Shortly after the top military leaders in the U.S. and South Korea preached closer cooperation on multiple issues confronting Asia, U.S. President Donald Trump sided with North Korean leader Kim Jong Un in his opposition to U.S.-South Korean war games.
Speaking to reporters Friday outside the White House, Trump said he received a "very beautiful letter" from Kim that said the North Korean leader "wasn't happy with the war games."
Trump added, "You know, I've never liked it [them] either."
The U.S. president said Kim explained in the letter that the ongoing war games are the reason Pyongyang has been conducting missile tests, despite a June 30 meeting between Trump and Kim, during which the two agreed to revive denuclearization talks, which have yet to resume.
Trump said Friday, before embarking on his annual August vacation at his New Jersey golf club, that he could meet again with Kim in an attempt to resolve North Korea's nuclear weapons program, but did not say when a meeting would occur.
A few hours earlier, U.S. Defense Secretary Mark Esper said the U.S. and South Korea share a "vision of a peaceful" Korean Peninsula and declared the two allies would keep collaborating on North Korea and other issues.
On his first international trip since being confirmed last month, Esper addressed the media in Seoul after meeting with South Korean counterpart Jeong Kyeong-doo amid heightened regional tensions.
Esper said the Washington-Seoul alliance is "ironclad" and the "linchpin of peace and security" in Southeast Asia. He added the two allies would ensure the "readiness of our combined forces to defend ourselves while also creating space for diplomacy."
Washington and Seoul have not always enjoyed the warmest of relations and have not always agreed on how to address the nuclear-armed North. On Wednesday, Trump said the U.S. has been supporting Seoul militarily for 82 years, and "we get virtually nothing" in return. South Korea is, nevertheless, increasing efforts to connect with the U.S. on North Korea, trade and other issues.
South Korea comments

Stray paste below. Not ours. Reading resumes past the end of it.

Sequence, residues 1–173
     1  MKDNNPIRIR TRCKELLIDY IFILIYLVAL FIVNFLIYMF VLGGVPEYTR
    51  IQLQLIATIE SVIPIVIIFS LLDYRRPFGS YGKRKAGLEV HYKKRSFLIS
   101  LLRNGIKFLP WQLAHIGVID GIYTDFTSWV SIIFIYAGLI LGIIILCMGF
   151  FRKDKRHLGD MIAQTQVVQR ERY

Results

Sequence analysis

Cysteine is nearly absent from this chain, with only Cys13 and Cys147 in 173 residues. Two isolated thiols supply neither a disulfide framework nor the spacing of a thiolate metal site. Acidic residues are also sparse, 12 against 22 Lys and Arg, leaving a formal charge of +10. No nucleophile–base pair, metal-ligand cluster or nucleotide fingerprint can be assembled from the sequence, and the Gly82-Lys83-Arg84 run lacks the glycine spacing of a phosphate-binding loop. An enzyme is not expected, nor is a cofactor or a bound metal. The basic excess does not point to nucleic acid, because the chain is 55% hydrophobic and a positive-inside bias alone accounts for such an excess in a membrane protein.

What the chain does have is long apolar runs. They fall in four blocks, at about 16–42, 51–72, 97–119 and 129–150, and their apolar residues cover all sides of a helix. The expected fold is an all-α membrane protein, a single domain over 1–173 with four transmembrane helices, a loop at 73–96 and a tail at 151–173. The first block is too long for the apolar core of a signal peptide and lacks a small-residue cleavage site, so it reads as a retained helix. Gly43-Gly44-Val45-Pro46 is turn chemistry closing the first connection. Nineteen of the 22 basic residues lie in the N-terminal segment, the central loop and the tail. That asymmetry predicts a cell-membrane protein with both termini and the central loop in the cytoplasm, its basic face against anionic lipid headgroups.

South Korean Defense Minister Jeong said his country was the "U.S.'s closest ally" and cited recent "urgent developments" in the region.
Jeong said North Korea launching new short-range ballistic missiles amid ongoing efforts to denuclearize the peninsula do not help relieve regional tensions. But with the 2020 U.S. presidential elections on the horizon, Trump has been quick to tout his North Korea policy as a success. Trump has attempted to downplay the missile launches, maintaining they do not violate Kim's promise to halt nuclear and long-range tests.
Jeong also said Japan's export trade restrictions against South Korea are "causing adverse effects on South Korean-Japan relations and security cooperation among South Korea, the U.S. and Japan."
Jeong praised Trump's "amazing imagination that transcends conventions" for meeting with Kim at the inter-Korean border on June 30. He also expressed a desire to open "a new chapter" in the U.S.-South Korean alliance based on trust.
New ambassador to U.S.
During their meeting, Esper asked Jeong to commit troops to a U.S.-led maritime force off the coast of Iran in the Strait of Hormuz, according to South Korea's Yonhap News Agency.
Jeong responded that Seoul was considering options to help protect South Korean people and vessels that use the strait.
While Esper was visiting Seoul, South Korean President Moon Jae-in appointed an experienced former diplomat as his new ambassador to the U.S. Moon tapped 70-year-old Lee Soo-hyuck, who was South Korea's chief negotiator at disarmament negotiations between 2003 and 2005. Lee is also a former deputy foreign minister and first deputy director of the National Intelligence Service.
Esper concluded his visit to South Korea on Friday. His overseas trip also took him to Australia, Mongolia and Japan.